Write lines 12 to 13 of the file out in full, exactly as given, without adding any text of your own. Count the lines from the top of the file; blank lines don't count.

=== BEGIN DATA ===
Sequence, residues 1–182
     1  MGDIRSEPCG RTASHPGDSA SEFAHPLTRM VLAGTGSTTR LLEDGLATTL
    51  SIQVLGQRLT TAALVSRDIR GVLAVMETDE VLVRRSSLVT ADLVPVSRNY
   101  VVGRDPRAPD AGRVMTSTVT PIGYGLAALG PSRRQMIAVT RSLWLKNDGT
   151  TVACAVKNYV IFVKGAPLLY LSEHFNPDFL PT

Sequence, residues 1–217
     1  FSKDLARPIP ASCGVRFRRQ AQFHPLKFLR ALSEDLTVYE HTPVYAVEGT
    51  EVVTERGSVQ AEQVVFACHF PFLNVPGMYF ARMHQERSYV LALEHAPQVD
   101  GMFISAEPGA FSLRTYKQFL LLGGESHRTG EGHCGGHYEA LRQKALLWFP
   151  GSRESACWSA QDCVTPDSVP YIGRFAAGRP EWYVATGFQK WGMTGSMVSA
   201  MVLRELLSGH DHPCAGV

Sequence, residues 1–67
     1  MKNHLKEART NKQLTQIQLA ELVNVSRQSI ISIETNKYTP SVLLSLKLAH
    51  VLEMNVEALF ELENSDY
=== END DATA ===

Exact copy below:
Sequence, residues 1–67
     1  MKNHLKEART NKQLTQIQLA ELVNVSRQSI ISIETNKYTP SVLLSLKLAH